Normandie, France

 May 24-29, 2010


La Sittelle

This was the name of the stone cottage we stayed in near Tinchebray in Normandie. It had two rooms downstairs and a bathroom above the bedroom, with a rather steep stairway.

Here's the living room. The fireplace is in the middle below the chimney.  We didn't need to use the stove. The cottage was comfortable the whole time we were there. What looks like a lady out in the yard is actually a small stone statue.


Here are the kitchen part of the front room, the bedroom, the stairs and the bathroom above. We were very comfortable here.


We went out each day to explore places not too far away.  Most of our drives were less than an hour and sometimes less than 1/2 an hour.  We used a GPS that we brought from home with European maps.  We wondered at times why "she" picked the roads she did.  It was set on "fastest route" but she would pick the smallest little roads.  We realized that the speed limit on those roads was 90 kph, which was much faster than it was possible to drive on them. Some of them had hairpin turns, and occasionally went down to one lane,  but apparently that doesn't figure in the algorithm the GPS uses to calculate time of travel.



This was the first little town we visited.  It was a typical small French town.  People were shopping here as we were here in the morning.  The tourist office gave us a helpful guide with a walking tour that took us a little ways down a hill to see a waterfall.

I needed some stamps, so looked around here for the Post office, but it was actually about a block away. I bought two stamps and stuck them in an envelope that I had previously addressed. I planned to put a post card in it and send it to the young girl I mentor, but I hadn't written the post card yet.

The smaller of the two waterfalls in this town.

We walked back up to the town along this road.

We passed a farm and some donkeys on the way. 



Then we drove to Domfront about 1/2 an hour away.

Domfront is a town with a medieval character, some restaurants, churches and a ruined castle. The 1920's church at the end of the road had a unique architecture. It was one of the first churches to be built of a new building material--concrete. And because the site was quite small it was built in a square shape typical of Byzantine churches. They are trying to raise money to renovate and restore it.

One of the restaurants in Domfront.

Part of the ruined castle.  William the Conqueror had been here. Historical tidbit:  (This may or may not interest you.  I thought it was fascinating.) Aliénor d'Angleterre or de Castille (Eleanor of England or Castille) daughter of Henry II of England and Eleanor of Aquitaine was born in Domfront in 1161.  She was also the grandmother of Saint Louis (Louis IX of France).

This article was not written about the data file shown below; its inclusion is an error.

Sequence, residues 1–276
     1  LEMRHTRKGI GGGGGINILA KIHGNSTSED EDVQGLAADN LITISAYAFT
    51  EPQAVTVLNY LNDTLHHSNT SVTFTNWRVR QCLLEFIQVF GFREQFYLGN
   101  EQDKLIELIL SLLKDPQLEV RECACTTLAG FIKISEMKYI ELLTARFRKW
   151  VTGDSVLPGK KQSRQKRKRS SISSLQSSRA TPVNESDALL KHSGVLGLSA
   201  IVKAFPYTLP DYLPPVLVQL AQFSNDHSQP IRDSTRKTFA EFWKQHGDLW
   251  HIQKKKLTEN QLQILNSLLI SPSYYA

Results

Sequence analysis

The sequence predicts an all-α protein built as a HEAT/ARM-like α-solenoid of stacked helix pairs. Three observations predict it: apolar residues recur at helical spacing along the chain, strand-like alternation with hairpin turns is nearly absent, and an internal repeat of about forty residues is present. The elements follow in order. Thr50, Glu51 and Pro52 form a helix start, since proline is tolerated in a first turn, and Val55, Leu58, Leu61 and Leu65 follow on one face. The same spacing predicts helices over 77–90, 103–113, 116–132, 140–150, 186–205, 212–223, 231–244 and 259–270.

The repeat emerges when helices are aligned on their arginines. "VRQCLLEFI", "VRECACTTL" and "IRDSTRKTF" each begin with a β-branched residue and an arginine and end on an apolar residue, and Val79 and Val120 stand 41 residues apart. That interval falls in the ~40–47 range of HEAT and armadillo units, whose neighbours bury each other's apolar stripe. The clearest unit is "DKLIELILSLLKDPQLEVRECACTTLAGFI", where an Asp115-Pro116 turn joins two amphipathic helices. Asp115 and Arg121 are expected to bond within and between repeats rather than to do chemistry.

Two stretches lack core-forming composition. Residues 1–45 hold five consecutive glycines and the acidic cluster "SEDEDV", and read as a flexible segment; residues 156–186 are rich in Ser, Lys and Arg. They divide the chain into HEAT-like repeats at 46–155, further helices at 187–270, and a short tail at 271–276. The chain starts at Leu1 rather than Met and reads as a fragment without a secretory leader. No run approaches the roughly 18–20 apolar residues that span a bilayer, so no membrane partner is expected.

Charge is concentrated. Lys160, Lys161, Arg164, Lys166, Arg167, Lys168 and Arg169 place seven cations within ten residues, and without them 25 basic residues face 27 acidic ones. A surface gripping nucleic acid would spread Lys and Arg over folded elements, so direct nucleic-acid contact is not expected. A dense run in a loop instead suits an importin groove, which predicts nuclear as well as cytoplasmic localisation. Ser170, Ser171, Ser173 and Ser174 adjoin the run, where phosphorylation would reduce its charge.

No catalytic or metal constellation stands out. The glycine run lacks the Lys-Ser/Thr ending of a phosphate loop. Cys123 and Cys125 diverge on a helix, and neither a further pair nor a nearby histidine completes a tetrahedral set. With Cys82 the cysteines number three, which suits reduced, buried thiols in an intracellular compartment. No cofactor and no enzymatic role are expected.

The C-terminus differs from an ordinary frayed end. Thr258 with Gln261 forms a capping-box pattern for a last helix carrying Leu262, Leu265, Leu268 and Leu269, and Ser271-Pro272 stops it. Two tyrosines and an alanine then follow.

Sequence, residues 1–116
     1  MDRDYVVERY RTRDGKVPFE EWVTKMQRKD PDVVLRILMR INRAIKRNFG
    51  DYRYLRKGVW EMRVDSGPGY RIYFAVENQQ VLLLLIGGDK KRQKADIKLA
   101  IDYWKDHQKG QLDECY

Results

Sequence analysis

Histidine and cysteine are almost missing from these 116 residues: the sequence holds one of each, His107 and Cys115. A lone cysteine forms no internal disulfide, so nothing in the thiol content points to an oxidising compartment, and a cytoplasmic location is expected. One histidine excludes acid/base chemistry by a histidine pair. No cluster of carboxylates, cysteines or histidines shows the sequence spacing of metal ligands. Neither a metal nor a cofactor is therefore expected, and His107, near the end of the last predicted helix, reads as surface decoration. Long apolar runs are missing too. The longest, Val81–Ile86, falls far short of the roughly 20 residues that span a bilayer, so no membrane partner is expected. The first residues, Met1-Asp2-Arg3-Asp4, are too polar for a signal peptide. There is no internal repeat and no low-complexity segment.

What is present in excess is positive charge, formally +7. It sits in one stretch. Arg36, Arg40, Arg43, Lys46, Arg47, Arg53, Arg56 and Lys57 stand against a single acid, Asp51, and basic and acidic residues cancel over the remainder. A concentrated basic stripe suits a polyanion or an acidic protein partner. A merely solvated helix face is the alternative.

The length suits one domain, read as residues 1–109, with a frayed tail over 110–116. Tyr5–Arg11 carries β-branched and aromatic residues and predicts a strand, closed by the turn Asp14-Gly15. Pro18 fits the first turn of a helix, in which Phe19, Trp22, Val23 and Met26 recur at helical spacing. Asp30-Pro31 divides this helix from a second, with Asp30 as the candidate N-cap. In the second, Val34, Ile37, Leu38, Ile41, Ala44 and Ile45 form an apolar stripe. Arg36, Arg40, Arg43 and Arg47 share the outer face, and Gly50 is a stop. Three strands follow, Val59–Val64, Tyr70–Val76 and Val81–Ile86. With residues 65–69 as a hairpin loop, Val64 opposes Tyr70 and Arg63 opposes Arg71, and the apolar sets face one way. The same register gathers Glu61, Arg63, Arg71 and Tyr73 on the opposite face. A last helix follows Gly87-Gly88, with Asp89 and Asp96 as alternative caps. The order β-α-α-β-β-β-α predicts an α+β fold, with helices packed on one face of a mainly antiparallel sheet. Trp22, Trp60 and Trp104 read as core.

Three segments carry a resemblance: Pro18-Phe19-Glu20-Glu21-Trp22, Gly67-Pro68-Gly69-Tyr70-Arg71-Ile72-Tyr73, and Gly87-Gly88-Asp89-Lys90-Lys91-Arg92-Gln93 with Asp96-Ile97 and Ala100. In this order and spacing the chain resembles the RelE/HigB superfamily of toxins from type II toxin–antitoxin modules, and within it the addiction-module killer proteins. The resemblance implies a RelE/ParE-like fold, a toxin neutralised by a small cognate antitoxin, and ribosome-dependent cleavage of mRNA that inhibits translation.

The old drawbridge is now a permanent bridge, leading back into the town.

Looking over the castle wall to another part of the town and the Romanesque, 12th century church, Notre Dame sur l'Eau.


Le Bocage de Normandie

It has taken me a while to learn what is meant by the Norman Bocage.  I was struck by the rolling green hills, and small fields marked off by green hedgerows, but didn't realize that that is what the Norman Bocage is.  We saw it everywhere from the car, but I don't have many pictures of the countryside. If you look you'll see it in the background of some of these photos.


Bagnoles de l'Orne


Next we stopped at Bagnoles de l'orne, a town famous for hot, therapeutic baths, a casino and a lovely lake.

We stopped for a coffee here in the afternoon and I wrote my postcard.


Another church from the 20th Century, this time in Art Deco style.


The lake and Casino.  There was a post office near here, so I walked over there while Jim found an ATM across the street. I had a little trouble finding the slot to drop my letter into, but did find it in the wall finally, mailed the post card and felt good about getting that done on our first day. I thought I'd save myself a step by addressing two envelopes at home and bringing them with me, so that I just needed to slip a postcard inside the envelope, buy a stamp and mail it.



We went into Vire that evening for dinner.  Vire was the closest town to the cottage that had a restaurant, I think.

This is what remains of the 12th century castle keep, now in the middle of a busy square.   Vaux de Vire is the name of the valley of the confluence of the rivers Vire and Varenne.  Vaux de Vire also referred to the collection of songs of a textile worker Olivier Basselin, who lived here in the 15th century.  The word vaudeville comes from Vaux de Vire(1).  I'll bet you didn't know that.


Back at La Sittelle that evening I was thinking about the things we'd done that day and remembered that I had a second envelope and stamp for another postcard.  Then I couldn't remember what I'd done with the stamp. Suddenly I had the horrible realization that I had not taken the 2 stamps out of the envelope, but sealed it up with both of them inside and dropped it in the box with no stamp on the outside.  I was so mad at myself then.  At least I still had the second envelope, so I could try again with another postcard, but would also have to buy another stamp.


There's more to this story, but you have to go to the next page for the rest.

More of Normandy, including Mont-Saint-Michel


(1) Michelin Guide: Normandy, 1980